McCormick next served under General Frederick Steele as he marched toward Little Rock. The manuscript tells of the expedition and capture of the city in September 1863. But when Union operations moved into south Arkansas, McCormick was again captured by the Rebel army as he escorted a supply train from Camden to Pine Bluff. Twelve hundred other Union soldiers were also captured and "started at once for Camp Ford, near Tyler Texas." Upon arriving at the camp, McCormick found that "It was an open field of perhaps six acres, with a stockade around it made of logs about twelve feet long, split in two, and set firmly in the ground, with the flat side in. There were then but two or three trees in the enclosure, which would afford poor shade to protect nearly 3000 prisoners from a burning southern sun. . . . The rations given us was a pound of beef and a pint of corneal per day, to each man." Despite the threat of death to all who attempted to escape, McCormick and four others made an escape attempt - wonderfully recounted in the manuscript. They were captured about forty miles northeast of the camp after passing by a plantation and rousing the attention of several dogs at the slaves' cabins. The death threat was not carried out and McCormick and the other prisoners languished at Camp Ford until February 1865 when an order for their parole was issued. McCormick recounts his return to the north and his reunion with his family.

    Most of the eighty-eight letters are addressed to McCormick's wife, beginning in January 1862 and ending in June 1865. The letters offer much more of the officer's thoughts and daily activities as a soldier than the manuscript. Only five days after being wounded and captured at Shiloh, McCormick writes from Corinth (April 12, 1862), "My Dear Wife, I am wounded in my right arm and am a prisoner at a Hotel in Corinth. I was in a great fight from Sunday morning till Monday . . . the bullets whistled around me thick as hail. . . . On Tuesday the 7th was attacked by the Texas Rangers and another battalion, when I got a revolver shot from a Ranger, which broke my right arm just below the Shoulder." McCormick's next letter is dated October 14, 1862, shortly after he was freed from prison. After he was captured again in Arkansas, he wrote five letters from Camp Ford, all dated in 1864 (June 18, June 20, July 7, September 1, and October 1). In these letters, the captain writes of other officers and soldiers, his regiment's "noble actions" at the Battle of Marks Mills, and the dire conditions of the camp ("We have lost twenty three men by death since we reached here. . . . There are many, however, somewhat troubled with Scurvey and other diseases, such as diarrhea, chills &c"). In the letter dated October 1, McCormick includes a list of the dead from his regiment and asks that his wife have them published "for information of their friends." Finally on February 26, 1865, McCormick writes to his wife from New Orleans "as a free man once more." The letters are toned (some unevenly) with minor soiling.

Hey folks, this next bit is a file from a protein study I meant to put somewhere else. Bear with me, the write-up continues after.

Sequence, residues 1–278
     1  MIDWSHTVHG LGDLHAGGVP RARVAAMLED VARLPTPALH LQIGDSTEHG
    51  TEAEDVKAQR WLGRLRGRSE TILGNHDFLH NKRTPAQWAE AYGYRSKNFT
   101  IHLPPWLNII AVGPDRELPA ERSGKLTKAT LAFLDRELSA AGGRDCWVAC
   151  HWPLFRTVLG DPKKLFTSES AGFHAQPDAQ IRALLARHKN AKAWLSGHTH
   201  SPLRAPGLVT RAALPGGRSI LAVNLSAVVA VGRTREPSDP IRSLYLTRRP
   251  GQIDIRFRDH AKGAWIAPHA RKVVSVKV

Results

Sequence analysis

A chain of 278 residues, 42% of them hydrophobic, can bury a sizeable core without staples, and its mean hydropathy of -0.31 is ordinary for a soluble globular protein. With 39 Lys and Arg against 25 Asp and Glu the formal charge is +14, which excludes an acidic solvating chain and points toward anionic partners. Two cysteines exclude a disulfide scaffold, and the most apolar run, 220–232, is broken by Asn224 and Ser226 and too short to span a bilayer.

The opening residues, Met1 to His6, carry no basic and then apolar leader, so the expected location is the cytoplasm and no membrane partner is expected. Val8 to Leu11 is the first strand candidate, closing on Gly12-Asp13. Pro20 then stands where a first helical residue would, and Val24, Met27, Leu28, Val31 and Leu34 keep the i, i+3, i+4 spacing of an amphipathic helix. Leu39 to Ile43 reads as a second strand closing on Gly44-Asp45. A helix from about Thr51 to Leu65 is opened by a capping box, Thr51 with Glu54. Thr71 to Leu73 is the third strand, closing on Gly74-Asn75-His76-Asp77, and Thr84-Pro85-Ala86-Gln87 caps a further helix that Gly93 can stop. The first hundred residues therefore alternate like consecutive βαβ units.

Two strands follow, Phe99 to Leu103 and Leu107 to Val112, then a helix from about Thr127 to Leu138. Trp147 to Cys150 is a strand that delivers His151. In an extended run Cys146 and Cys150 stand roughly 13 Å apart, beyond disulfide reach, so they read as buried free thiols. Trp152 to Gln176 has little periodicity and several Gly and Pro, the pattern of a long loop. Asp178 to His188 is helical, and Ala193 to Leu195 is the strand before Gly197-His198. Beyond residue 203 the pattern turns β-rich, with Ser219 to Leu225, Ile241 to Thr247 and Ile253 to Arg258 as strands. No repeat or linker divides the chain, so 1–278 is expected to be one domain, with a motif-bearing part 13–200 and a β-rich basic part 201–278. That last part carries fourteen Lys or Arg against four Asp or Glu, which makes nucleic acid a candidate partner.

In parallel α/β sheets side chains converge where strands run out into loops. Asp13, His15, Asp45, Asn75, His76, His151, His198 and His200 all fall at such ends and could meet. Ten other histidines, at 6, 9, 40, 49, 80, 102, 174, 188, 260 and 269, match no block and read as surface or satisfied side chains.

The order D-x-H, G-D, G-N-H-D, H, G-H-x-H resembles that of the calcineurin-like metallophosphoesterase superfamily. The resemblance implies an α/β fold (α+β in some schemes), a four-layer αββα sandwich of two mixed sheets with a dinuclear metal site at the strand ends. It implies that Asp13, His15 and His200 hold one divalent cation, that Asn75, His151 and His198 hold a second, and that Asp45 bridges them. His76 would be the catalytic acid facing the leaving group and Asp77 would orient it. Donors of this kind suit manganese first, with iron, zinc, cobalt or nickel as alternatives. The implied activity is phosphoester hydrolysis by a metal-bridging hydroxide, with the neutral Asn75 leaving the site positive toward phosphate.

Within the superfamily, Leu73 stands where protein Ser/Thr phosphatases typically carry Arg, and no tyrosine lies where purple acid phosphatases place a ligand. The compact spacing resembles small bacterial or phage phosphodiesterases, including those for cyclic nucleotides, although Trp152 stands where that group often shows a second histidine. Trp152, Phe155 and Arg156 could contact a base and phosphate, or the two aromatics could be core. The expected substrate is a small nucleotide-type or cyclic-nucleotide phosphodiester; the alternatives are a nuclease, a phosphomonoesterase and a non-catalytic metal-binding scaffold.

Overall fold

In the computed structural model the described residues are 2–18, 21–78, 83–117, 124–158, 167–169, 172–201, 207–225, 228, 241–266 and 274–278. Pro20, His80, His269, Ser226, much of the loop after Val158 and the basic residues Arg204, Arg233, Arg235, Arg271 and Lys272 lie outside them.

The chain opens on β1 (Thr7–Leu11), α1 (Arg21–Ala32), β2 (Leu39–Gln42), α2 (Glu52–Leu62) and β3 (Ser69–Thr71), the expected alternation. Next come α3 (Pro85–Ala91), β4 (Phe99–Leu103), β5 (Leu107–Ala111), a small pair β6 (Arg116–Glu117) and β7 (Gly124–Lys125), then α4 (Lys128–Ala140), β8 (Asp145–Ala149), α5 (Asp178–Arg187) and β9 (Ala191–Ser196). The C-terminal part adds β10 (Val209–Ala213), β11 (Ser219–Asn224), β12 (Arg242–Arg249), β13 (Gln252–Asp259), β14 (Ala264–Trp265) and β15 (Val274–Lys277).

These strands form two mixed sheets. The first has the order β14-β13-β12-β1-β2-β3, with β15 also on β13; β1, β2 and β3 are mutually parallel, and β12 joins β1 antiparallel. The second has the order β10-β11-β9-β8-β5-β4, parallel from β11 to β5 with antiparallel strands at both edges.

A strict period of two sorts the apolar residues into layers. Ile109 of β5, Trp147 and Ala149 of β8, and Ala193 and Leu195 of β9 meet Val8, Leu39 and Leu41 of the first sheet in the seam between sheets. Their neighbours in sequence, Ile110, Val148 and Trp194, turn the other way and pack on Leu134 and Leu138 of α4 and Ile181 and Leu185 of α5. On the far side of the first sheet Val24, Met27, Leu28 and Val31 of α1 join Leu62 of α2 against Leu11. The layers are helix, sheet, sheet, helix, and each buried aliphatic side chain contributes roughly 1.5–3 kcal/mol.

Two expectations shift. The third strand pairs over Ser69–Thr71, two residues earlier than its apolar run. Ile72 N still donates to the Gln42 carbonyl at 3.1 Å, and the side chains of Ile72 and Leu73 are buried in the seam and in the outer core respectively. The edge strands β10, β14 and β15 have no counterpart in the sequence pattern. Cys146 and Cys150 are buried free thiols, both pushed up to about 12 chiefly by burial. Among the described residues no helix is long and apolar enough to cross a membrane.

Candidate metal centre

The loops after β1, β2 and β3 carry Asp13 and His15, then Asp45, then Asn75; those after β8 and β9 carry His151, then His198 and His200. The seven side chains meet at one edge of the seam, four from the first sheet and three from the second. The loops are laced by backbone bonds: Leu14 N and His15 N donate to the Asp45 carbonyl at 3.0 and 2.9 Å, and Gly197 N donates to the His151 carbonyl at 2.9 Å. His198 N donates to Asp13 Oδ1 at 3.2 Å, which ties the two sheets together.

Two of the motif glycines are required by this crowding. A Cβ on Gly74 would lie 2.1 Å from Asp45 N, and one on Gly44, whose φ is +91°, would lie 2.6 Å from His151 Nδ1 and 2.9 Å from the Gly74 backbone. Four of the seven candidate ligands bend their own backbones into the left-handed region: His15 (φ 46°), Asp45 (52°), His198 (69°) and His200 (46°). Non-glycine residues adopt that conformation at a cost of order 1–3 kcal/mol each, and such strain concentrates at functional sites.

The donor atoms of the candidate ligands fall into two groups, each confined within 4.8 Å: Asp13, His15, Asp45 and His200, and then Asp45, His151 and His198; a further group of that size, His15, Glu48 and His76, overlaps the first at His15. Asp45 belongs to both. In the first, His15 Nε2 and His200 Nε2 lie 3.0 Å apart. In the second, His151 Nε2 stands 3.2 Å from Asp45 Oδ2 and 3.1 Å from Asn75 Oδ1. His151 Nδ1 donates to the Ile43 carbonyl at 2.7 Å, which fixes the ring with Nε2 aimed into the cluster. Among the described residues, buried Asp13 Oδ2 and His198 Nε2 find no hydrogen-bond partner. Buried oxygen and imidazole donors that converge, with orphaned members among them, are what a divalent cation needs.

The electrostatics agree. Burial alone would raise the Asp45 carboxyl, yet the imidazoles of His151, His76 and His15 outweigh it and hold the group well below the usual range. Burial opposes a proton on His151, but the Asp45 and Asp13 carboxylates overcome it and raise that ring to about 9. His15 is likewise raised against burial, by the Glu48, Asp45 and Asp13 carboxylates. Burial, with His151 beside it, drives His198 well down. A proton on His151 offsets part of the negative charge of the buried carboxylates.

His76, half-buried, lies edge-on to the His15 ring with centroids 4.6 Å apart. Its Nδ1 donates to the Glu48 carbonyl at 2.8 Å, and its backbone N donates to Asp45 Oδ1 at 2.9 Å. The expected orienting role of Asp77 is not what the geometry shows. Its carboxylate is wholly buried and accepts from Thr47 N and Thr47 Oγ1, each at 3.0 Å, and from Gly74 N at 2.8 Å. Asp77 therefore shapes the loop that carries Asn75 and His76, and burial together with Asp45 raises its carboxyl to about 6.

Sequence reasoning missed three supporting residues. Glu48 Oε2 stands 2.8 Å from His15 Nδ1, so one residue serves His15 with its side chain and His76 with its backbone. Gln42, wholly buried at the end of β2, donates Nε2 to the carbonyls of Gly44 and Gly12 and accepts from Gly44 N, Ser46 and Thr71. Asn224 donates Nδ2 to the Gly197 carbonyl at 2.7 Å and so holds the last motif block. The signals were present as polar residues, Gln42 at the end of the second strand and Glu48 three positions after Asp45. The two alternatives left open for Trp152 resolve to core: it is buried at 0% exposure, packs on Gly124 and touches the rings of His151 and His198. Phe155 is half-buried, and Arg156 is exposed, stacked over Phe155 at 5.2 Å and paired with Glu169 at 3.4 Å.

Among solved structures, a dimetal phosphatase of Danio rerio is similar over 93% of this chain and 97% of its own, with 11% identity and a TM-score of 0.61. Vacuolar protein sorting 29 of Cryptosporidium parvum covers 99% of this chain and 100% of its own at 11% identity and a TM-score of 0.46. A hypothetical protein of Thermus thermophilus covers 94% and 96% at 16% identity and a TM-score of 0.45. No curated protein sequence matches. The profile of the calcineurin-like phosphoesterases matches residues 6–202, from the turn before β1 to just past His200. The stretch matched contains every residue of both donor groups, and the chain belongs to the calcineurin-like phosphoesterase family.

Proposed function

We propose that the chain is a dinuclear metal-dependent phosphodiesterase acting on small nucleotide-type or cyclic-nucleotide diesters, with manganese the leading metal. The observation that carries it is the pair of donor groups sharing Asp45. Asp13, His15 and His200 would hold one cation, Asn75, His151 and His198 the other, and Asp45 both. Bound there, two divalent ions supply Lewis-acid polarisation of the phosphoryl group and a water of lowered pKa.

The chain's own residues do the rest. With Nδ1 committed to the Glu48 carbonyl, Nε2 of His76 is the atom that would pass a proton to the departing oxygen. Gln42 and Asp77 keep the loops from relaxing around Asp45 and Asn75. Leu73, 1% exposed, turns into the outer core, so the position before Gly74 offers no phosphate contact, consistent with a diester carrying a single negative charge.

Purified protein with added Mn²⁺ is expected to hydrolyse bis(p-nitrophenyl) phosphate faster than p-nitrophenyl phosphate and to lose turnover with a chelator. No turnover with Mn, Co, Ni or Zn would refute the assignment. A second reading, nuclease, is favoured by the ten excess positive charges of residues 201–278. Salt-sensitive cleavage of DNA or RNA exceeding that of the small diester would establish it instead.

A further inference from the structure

Also included is a printed eulogy (four pages) following McCormick's death and issued by the Military Order of the Loyal Legion of the United States Commandery of the State of Ohio. Additionally, four pages removed from the McCormick family Bible are included. They consist of the title page; "Marriages" page; "Births" page (the births of McCormick's six children, dated 1852 through 1868, are listed); and the "Parents' Register" page. The eulogy and Bible pages are toned with some foxing.




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    Auction Dates
    September, 2011
    13th-14th Tuesday-Wednesday